In the rehab world a high percentage of these injuries are referred to as tendonopathies.  There are two types of tendonpathies that we usually refer to, tendonitis and tendonosis. Tendonitis is the diagnosis most people are familiar with because it is used quite often.  However, we are learning that in many cases the injury has actually progressed further and should more accurately be diagnosed as tendonosis. There continues to be much confusion between the two injuries, and healthcare providers are just beginning to understand the process.
There are many factors that lead to these types of injuries including chronically tight muscles, poor biomechanics and alignment of a joint, activity levels, repetitive strain and many others. However, the most commonly accepted cause for these conditions are seen to be an overuse syndrome in a combination of factors leading to what may be seen as a progressive interference or the failing of the innate healing response.
Recognizing the symptoms for both diagnoses is extremely important and could mean the difference between returning to sports pain free within a week and suffering from a nagging injury all season long that could lead to something more serious.
I think it is important that the athlete, parent and even coach know the early signs and symptoms for both tendonitis and tendonsis. One reason it is important to know the difference between the two is because the treatment for both may vary. If the athlete is being treated inaccurately for tendonitis instead of tendinosis, then there is a good chance his symptoms will never improve. For example, an athlete who is being treated for tendonitis in the knee during basketball season will continue to suffer from the same problem late into track season because he hasn’t been doing the right exercise.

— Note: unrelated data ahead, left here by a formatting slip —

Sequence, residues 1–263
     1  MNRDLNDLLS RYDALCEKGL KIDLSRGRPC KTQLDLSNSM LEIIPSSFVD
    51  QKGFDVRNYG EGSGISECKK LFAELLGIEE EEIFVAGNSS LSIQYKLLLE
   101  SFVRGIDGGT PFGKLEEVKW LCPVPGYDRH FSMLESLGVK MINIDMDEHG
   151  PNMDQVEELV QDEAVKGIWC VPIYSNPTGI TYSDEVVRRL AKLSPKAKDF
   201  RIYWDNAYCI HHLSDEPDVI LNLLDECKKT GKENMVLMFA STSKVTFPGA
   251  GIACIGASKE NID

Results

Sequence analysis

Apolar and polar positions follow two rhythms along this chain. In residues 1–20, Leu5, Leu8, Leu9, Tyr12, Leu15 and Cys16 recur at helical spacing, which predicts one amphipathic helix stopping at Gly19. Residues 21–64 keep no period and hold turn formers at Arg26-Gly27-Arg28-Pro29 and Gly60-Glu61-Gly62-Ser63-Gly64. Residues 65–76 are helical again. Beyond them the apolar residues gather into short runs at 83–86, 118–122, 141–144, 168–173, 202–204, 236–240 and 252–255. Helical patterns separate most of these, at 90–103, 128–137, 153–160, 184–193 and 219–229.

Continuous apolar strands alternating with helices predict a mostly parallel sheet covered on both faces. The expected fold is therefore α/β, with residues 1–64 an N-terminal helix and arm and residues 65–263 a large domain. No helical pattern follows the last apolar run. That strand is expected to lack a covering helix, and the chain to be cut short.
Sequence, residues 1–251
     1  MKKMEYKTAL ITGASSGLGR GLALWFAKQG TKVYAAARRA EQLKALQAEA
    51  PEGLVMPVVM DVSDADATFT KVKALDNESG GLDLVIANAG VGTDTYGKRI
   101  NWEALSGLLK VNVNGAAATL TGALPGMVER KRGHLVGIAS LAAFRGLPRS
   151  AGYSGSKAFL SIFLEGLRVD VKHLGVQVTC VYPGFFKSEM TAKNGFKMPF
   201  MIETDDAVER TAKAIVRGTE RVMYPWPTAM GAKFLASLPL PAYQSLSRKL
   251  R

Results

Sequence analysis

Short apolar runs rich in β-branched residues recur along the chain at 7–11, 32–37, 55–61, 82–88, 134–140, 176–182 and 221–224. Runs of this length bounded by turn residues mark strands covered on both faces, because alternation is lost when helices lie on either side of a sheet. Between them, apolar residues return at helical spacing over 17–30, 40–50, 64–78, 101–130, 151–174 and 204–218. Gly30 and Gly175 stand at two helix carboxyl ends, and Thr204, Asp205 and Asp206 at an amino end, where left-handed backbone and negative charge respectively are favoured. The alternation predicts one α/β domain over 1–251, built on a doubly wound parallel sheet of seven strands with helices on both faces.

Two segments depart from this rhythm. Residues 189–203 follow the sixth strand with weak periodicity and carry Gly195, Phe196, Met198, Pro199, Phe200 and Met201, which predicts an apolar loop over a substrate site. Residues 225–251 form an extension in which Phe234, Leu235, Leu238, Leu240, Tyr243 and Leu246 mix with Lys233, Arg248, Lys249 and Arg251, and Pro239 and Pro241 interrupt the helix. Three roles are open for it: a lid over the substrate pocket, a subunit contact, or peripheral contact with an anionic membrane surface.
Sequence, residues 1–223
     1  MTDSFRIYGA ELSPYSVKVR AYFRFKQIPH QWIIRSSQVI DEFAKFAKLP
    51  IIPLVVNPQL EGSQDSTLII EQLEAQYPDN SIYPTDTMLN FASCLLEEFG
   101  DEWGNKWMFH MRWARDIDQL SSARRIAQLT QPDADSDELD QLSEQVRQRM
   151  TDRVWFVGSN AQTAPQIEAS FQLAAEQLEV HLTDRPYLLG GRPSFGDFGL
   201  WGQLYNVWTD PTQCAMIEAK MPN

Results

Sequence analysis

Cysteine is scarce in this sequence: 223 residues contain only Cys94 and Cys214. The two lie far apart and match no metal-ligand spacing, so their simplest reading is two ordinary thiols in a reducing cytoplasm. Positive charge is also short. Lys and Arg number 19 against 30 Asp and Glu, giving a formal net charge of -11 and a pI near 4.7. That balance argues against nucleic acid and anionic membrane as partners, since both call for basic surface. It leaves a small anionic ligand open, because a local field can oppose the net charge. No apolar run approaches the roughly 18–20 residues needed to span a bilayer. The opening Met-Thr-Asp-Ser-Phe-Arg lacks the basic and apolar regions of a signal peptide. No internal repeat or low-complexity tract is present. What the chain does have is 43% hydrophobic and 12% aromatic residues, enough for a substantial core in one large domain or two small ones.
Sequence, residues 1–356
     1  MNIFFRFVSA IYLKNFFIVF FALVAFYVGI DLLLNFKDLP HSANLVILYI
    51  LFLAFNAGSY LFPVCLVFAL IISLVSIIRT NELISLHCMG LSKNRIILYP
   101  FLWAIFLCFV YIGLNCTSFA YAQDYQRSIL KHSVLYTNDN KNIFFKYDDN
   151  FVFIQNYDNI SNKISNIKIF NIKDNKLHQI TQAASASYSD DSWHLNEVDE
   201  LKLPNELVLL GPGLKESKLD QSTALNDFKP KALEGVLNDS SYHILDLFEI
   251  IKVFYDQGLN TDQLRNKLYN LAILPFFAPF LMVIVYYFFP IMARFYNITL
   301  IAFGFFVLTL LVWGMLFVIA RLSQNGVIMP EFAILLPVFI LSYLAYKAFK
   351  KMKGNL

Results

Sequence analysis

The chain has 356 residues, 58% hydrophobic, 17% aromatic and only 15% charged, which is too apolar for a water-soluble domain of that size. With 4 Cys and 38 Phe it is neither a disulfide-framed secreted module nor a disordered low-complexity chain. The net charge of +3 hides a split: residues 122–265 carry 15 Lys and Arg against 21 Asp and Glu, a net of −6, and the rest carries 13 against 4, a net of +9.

Tendonitis usually presents with pain at the affected area during movement or activity, swelling and tenderness to touch is common, and the pain is usually achy or sharp. This usually occurs when you have used a specific muscle too much over a short period of time. The classic example is Achilles tendinitis that occurs after a long or hilly run. It can also occur by playing too many sets of tennis or swimming excessively during one practice session.
Tendinosis has similar symptoms with pain at the affected area but often starts after the activity instead of during. The pain is often described as dull and sometimes radiates from the affected area. In addition, tendinosis is usually a chronic problem with a tendon that  has lasted at least 6-8 weeks. An example of this is the Achillies tendon that has been nagging you for months after every each football practice and doesn’t seem to be improving.